First, a brief history of the negative register (CN) and the reason for that name. It has been practiced for about two centuries in Brazil. In the centennial São Paulo Trade Association (ACSP) I learned that in the early days of the Negative Registration there were meetings of merchants to discuss the status of their debtors in the so-called square, which also means market, now the most widely used term.
With the advancement of the economy, financial institutions and information and communication technologies, meetings of this type evolved into formal registers and exchange of data. These meetings and registries were the origin of many trade associations that arose in the Country. The ACSP, for example, appeared in 1894.
It and others of the same type have formally instituted credit protection services (SPCs) where information on defaulting or defaulting debtors is registered and open to consultation with traders, financial institutions and other interested parties. For denied credit is usually denied .
The Negative Registration has problems that the positive register (Positive Registration) tries to get around. One is that it does not allow you to identify the total that a person, company or other institution already owes to its various creditors, even without being “denied”. This information is important in assessing the risk of and defaulting against future defaults.
The Negative Registration also does not allow to identify the history of the good payers, that is, those that are not negativados. As interest rates include component associated with the risk of each credit operation, the higher that risk the higher the charged rate of the debtors. That makes sense. But how do you know the good payers to favor them with lower rates? Without this knowledge, creditors end up setting interest rates taking into account, if at all, only the evaluation that alone makes of the performance of the debtor in past operations.
The evaluation can also be made by the average risk of the group in which the client is inserted and by the nature of the operation performed. For example, in payroll deductible loans, because there is a discount on the payroll of the employer, the risk is lower.
If it is for retirees, civil servants or employees of institutions with more stable employment, the risk is even lower. In such cases, debtors are credited with less interest than, for example, personal credit operations. In this, the voluntary form of payment and the average behavior of the borrowers already indicates a greater risk.
However, in all credit operations, except for this division by risk groups, good debtors are not benefited, since it is necessary to consolidate a positive register that shows the performance of each one of them. Even within this group there are better and worse payers. At the Positive Registry they receive notes that differentiate their behavior in credit operations. With this note the debtor also assesses his own status, with the Positive Registry contributing thus to the financial education of the debtor and to avoid the excess of indebtedness.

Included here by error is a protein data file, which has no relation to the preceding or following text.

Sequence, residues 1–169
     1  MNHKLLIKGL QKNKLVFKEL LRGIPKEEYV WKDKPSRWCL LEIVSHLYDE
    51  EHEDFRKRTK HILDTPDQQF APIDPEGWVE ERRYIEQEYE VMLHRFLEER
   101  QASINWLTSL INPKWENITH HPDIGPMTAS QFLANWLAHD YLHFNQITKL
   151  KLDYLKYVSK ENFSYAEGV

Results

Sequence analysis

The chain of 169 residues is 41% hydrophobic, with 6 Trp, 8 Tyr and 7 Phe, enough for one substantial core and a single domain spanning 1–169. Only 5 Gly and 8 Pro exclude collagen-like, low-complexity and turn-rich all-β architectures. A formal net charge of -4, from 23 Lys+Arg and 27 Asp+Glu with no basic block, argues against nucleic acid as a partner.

In summary, it can be said that if there is only the negative register the good debtors end up paying for the risks of the sinners. With the positive register the credit would flow even more to the good payers and smaller interest would stimulate the expansion of the credit.
In view of these advantages, in 2011 the Positive Registry was created in Brazil by Law No. 12,414. But, like other Brazilian laws, this one did not “get”. The main reason is that it determines that the enrollment in this register depends on the consent of the enrollee. More precisely, he himself has to register for the Positive Register. I learned that for a potential registered number estimated at more than a hundred million, only about 6 million registered.
The good news is that on Wednesday last week was approved in the Senate bill that amends said law particularly with regard to such membership to the Positive Registry. Instead of voluntarily joining, all persons involved in credit operations will be automatically entered. Informed of this registration, they may ask for your exclusion.
An interesting aspect of the Senate’s approval of this bill is that it came in the same month that the Nobel Prize-winning economist Richard Thaler was announced on the 3rd, whose studies and experiments contributed to further integrate psychology with in a field known as behavioral economics.
Among other things, she points out that people have limited rationality. Thus, although it was worthwhile that creditors with good credit be enrolled in the Positive Registry in the face of their advantages, such as the prospect of lower interest rates, most of them did not do so because of sloppiness, procrastination or lack of information, among other reasons.
Conclusion on the Positive Register
The bill will now go to the Chamber of Deputies, where it is expected to be approved and upgraded to the presidential sanction, given the merits of it. Maybe there will need a push, of another nature, to walk in that slow House.
It will also require another, even if approved and sanctioned: to change the ingrained culture of institutions offering credit involving their owners, directors and employees. This is so that good payers are effectively benefited by lower interest rates than those who do not care for their prestige as debtors.